Eight out of 10 patients happy with GP... but appointments hard to come by

PUBLISHED: 09:39 26 August 2019

Dr Martin Jones. Picture: CCG

Dr Martin Jones. Picture: CCG

CCG

GPs in North Somerset have been praised for the 'very good' experiences in a recent survey.

The survey conducted by Ipsos MORI, states eight out of 10 people described their experience with doctors as good or very good.

An estimated 9,000 patients responded to the survey, which included questions on appointments, out of hours' services, online services and the overall experience.

More than 90 per cent of people said they had confidence and trust in the healthcare professional they met at their last appointment, while 95 per cent felt involved in decisions taken about their care and treatment.

The overall rating of GP practices in the area 85 per cent is slightly higher than the national average of 83 per cent.

Medical director at Bristol, North Somerset and South Gloucestershire (BNSSG) Clinical Commissioning Group (CCG), Dr Martin Jones, said: "This feedback is testament to the hard work put in by everyone in primary care, to deliver high-quality services for our population."

As the NHS moves to improve online services for patients, 75 per cent of respondents thought it was easy to look for information or access services on practice websites.

Chairman of Healthwatch North Somerset, Georgie Biggs said they are working towards making services easily accessible.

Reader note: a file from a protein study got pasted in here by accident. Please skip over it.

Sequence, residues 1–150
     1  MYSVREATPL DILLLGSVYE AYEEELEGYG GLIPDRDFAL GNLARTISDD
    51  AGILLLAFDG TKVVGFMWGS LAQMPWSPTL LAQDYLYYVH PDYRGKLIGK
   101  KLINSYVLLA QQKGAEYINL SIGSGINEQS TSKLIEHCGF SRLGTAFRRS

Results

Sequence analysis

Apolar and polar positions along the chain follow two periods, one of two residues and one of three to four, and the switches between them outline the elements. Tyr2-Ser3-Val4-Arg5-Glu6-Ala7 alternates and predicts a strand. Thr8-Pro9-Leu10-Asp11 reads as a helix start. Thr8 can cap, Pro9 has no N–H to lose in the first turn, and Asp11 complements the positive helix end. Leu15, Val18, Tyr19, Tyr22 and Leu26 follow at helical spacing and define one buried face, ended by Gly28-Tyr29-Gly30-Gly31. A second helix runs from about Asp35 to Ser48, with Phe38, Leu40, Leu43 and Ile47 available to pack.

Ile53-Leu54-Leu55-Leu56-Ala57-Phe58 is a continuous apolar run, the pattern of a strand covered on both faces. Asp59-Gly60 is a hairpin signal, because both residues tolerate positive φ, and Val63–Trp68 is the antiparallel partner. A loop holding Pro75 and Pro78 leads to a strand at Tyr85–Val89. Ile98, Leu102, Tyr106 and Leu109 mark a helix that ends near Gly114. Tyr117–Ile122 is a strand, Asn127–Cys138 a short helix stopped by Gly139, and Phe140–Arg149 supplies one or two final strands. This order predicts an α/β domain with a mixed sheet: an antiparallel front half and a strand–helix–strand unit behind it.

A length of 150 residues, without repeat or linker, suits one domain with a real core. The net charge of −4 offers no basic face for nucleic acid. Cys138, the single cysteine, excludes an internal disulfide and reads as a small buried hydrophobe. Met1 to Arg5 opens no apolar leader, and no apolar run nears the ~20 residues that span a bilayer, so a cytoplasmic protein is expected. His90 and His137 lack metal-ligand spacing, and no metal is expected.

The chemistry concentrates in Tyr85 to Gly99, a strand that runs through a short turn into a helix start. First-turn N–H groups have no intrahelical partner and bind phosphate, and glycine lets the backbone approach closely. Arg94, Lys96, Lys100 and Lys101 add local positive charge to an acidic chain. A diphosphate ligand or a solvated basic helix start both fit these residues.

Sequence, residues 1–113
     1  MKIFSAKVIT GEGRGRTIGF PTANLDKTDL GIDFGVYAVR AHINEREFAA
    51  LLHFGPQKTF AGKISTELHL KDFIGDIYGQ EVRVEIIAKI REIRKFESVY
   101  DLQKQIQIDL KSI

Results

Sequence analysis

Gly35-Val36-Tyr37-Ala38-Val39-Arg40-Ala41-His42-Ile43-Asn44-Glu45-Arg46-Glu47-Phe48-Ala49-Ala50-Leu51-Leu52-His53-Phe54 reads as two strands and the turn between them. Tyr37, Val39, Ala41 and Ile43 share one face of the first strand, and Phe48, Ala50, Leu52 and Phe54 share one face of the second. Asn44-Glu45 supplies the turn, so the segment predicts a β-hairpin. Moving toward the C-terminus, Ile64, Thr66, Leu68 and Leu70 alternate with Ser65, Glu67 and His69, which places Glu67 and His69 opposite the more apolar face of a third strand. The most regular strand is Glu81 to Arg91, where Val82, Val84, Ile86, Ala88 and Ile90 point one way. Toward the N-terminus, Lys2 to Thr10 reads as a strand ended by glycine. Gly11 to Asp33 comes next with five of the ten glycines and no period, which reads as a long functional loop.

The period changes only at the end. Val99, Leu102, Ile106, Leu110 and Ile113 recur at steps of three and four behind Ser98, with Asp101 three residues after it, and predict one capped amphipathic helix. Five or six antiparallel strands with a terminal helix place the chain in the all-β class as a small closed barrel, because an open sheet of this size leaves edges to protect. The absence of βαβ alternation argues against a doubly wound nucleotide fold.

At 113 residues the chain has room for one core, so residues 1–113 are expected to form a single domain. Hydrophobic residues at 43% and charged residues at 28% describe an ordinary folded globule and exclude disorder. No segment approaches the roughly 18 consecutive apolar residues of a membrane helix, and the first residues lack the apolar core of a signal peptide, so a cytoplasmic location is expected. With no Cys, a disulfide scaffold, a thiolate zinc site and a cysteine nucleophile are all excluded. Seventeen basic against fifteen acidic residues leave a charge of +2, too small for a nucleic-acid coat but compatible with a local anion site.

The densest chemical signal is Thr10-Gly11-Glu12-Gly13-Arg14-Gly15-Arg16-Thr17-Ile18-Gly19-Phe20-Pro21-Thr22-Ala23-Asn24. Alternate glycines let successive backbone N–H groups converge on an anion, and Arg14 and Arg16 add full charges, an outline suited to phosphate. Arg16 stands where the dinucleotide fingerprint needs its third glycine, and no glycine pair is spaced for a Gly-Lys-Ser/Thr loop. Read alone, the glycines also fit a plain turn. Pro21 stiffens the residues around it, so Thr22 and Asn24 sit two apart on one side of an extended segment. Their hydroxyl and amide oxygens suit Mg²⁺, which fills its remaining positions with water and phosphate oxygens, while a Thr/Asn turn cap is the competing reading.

She said: "We understand that some GP practices face staffing and premises challenges particularly in the Weston area.

"Generally, patients tell us that ease of access to appointments is their concern.

"This is being addressed with the use of new digital systems enabling those familiar with technology to more easily reach the GP for advice.

"The system has had good feedback from those who've been able to make use of it and patients have been satisfied with the service.

"For those without the necessary technical knowledge, we have been supporting patients with these new systems by providing digital drop-in sessions to help patients become more familiar with the new ways to access GPs.

"We are aware though that some may find these systems more difficult and there is a need to consider how we meet the needs of the more vulnerable patients especially those without the internet."

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